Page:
Does the Recently Amended Investment Duties Regulation Change How Fiduciaries Are Expected to Make Investment Decisions for Employee Benefit Plans?

Introduction

The more things change the more they stay the same. Or do they? This question should be on every employee benefit plan fiduciary’s mind after January 12, 2021, when an amended U.S. Department of Labor (“DOL”) regulation went into effect changing the standards under which fiduciaries are expected to make investment decisions for ERISA employee benefit plans.

On his first day in office President Biden signaled that his administration will review the Final Rule on Investment Duties as part of his Executive Order on “Protecting Public Health and the Environment and Restoring Science to Tackle the Climate Crisis.” The implemented Final Rule, however, is notable as much for what it does not do as for what it does. The amended regulation that the DOL had proposed on June 30, 2020 was centered on new standards for consideration of environmental, social, and corporate governance factors—referred to as “ESG” factors—in connection with employee benefit plan investing. The DOL received over 8,700 comments in response, in which mutual fund companies, unions, law firms, and academics argued that the proposed regulation was deeply flawed. Some of the critics argued that the proposal improperly discouraged benefit plan investing in vehicles with ESG goals or objectives; others claimed that it improperly created higher standards for fiduciary consideration of ESG factors in evaluating investment options.

After the tidal wave of criticism, the DOL issued a Final Rule that eliminated all overt references to consideration of ESG factors.

Eliminating references to ESG factors altered the nature of the proposed amendment. The Investment Duties regulation left standing instead changes how all fiduciaries are to approach all investment decision-making in connection with all types of employee benefit plans. Under the new rule, fiduciaries are instructed to make investment decisions by considering only “pecuniary” factors, as defined by the DOL, to the exclusion of “non-pecuniary” factors, with limited exceptions. The new standard adopts the idea that loyalty to plan interests requires the exclusion of any other interest, including collateral benefits or goals of an investment, which could include ESG factors.

While the rule itself is stark, the Preamble adopts a looser interpretation of what can be considered “pecuniary” factors. Further, as explained below, the rule weaves in guidance previously published by both Democratic and Republican administrations and does not prohibit fiduciary selection of investments with collateral benefits or ESG goals so long as the selection is based solely on “pecuniary” factors as defined in the Final Rule, or in compliance with an exception.

It will be interesting to see whether the Biden administration is interested in changing the amended rule itself or just massaging the interpretation, and whether the DOL will explicitly embrace consideration of ESG factors in employee benefit plan investing or leave the amended regulation alone after all. As explained further below, the Final Rule’s changes to existing guidance are nuanced, and allow for benefit plan fiduciaries to consider all types of investments, including ESG focused vehicles, albeit through a narrower lens.

Background

The DOL originally promulgated the Investment Duties regulation, 29 CFR §2550.404a-1, in 1979 providing guidance on complying with the fiduciary duty of prudence in making investment decisions. This is the first amendment to the Investment Duties regulation since its adoption more than 40 years ago.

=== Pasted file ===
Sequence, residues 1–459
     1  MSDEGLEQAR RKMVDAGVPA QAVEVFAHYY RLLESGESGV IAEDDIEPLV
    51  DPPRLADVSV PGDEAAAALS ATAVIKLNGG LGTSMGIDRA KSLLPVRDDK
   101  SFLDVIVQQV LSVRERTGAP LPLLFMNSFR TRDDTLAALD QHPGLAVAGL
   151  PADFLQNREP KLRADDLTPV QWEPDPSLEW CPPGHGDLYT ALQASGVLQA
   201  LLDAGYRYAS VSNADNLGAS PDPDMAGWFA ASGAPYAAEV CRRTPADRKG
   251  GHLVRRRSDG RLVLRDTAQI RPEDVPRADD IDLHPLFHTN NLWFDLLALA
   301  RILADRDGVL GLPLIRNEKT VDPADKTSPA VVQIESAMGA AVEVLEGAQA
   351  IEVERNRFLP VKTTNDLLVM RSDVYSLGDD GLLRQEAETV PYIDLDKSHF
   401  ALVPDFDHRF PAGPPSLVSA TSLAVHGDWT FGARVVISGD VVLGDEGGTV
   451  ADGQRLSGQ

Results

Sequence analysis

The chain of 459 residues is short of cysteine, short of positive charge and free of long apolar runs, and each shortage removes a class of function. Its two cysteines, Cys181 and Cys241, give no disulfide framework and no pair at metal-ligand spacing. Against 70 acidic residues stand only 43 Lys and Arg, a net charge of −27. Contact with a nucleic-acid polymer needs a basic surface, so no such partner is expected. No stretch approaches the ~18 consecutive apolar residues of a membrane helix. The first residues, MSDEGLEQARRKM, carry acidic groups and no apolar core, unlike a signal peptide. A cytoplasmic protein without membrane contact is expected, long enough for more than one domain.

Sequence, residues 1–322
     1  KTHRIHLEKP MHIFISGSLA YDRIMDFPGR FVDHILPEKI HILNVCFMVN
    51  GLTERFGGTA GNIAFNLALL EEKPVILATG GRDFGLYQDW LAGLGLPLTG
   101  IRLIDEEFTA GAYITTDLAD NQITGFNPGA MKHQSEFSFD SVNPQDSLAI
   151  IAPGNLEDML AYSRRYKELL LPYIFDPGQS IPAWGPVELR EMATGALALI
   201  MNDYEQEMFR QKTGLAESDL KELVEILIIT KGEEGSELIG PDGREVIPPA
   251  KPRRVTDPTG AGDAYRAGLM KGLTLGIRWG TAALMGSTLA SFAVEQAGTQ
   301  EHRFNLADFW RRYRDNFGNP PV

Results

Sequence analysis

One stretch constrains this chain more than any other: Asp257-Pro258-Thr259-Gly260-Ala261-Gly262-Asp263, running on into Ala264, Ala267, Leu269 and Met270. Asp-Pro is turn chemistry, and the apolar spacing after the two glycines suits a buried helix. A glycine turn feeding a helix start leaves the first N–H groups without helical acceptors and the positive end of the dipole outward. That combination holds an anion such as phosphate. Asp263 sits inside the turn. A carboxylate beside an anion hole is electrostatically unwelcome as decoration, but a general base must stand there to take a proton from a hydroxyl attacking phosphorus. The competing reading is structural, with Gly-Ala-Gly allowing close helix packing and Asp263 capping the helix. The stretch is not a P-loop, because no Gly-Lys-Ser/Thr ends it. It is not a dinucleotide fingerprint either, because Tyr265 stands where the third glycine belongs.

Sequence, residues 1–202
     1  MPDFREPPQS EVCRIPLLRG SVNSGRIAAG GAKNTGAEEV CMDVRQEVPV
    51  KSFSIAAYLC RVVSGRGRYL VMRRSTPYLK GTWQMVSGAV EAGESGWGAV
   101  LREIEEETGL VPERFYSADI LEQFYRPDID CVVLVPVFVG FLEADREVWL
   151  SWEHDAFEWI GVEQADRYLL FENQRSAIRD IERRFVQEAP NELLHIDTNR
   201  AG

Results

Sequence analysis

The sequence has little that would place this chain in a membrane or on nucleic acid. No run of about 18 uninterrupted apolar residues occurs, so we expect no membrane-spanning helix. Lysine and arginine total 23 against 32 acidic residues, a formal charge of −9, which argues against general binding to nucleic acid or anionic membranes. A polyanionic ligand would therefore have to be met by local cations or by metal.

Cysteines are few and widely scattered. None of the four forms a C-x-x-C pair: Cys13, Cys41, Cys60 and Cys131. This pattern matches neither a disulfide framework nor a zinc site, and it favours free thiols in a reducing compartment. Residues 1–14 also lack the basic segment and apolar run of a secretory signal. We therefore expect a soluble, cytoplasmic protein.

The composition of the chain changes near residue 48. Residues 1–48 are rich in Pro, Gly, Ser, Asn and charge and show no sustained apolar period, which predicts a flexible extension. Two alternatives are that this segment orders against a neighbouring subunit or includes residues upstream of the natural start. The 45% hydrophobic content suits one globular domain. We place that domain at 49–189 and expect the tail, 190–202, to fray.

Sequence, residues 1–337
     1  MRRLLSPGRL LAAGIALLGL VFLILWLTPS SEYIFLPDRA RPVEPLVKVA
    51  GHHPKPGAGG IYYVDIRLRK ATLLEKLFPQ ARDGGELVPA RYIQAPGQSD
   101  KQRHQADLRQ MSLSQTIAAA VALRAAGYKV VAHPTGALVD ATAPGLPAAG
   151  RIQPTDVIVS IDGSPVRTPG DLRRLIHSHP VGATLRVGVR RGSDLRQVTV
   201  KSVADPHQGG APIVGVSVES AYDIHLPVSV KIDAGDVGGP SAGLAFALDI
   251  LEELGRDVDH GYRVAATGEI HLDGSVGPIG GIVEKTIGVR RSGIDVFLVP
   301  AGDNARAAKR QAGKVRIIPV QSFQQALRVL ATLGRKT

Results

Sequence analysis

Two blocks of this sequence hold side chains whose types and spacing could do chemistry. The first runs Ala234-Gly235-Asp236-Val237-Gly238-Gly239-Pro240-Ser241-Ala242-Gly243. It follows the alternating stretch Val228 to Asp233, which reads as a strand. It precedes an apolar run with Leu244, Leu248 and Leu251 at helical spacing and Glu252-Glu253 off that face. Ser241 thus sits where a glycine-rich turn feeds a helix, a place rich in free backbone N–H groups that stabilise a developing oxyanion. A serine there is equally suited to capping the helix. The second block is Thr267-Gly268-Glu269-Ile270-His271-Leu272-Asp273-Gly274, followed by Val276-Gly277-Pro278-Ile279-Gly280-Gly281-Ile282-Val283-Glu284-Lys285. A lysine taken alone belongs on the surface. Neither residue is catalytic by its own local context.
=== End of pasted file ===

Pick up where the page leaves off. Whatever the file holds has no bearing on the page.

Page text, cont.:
As chronicled in the Final Preamble, beginning in 1994 the DOL issued a series of Interpretive Bulletins advising on fiduciary decision making where an investment could have collateral benefits beyond anticipated monetary investment returns. The DOL had explained in Interpretive Bulletin 2015-01, 29 CFR 2509.2015-1, that “the fiduciary standards applicable to [economically targeted investments] are no different than the standards applicable to plan investments generally” and thus that a fiduciary does not violate fiduciary duties by considering collateral benefits in investment decision making as long as plan interests are not subordinated to unrelated objectives and “fiduciaries [do] not accept lower expected returns or take on greater risks in order to secure collateral benefits.” In the Preamble to Interpretive Bulletin 2015-01 the DOL noted that fiduciaries could consider collateral benefits in selecting an investment as long as it was economically equivalent to an investment without collateral benefits, which came to be known as the “tie-breaker” rule. Field Assistance Bulletin 2018-01 later expanded this guidance by first explaining that ESG factors can represent business risk or opportunity and thus should be considered along with other economic factors, not only as tie breakers, and then noting that fiduciaries “must not too readily treat ESG factors as economically relevant” and must always put a plan’s economic interests first.

Fiduciary Duties of Prudence and Loyalty in Investment Decisions

The 1979 Investment Duties regulation is a safe harbor, offering fiduciaries a road map to complying with the fiduciary duty of prudence in ERISA Section 404(a)(1)(B) when evaluating investment options. The amended version of the regulation retains the safe harbor for the duty of prudence and adds standards for complying with the fiduciary duty of loyalty in ERISA Section 404(a)(1)(A), which is described as a “legal requirement and not a safe harbor.”

Fiduciary Duty of Loyalty: Pecuniary Factors Must Govern Investment Decisions, 29 CFR §2550.404a-1(c)(1), (f)(3)

The bedrock principle in the DOL’s prior serial guidance on investment decision making was that the ERISA fiduciary duty of loyalty required that fiduciaries place a plan’s financial interests first and paramount and make decisions solely in the interests of providing benefits to a plan’s participants and beneficiaries in the context of the relevant circumstances.

The DOL’s reimagined approach demands that fiduciaries consider only defined pecuniary factors in making investment decisions to the exclusion of other, non-pecuniary, factors. A “pecuniary factor” is defined as a factor “that a fiduciary prudently determines is expected to have a material effect on the risk and/or return of an investment,” and a “fiduciary’s evaluation of an investment or investment course of action must be based only on pecuniary factors.” The new rule thus defines pecuniary factors by exclusion as much as inclusion.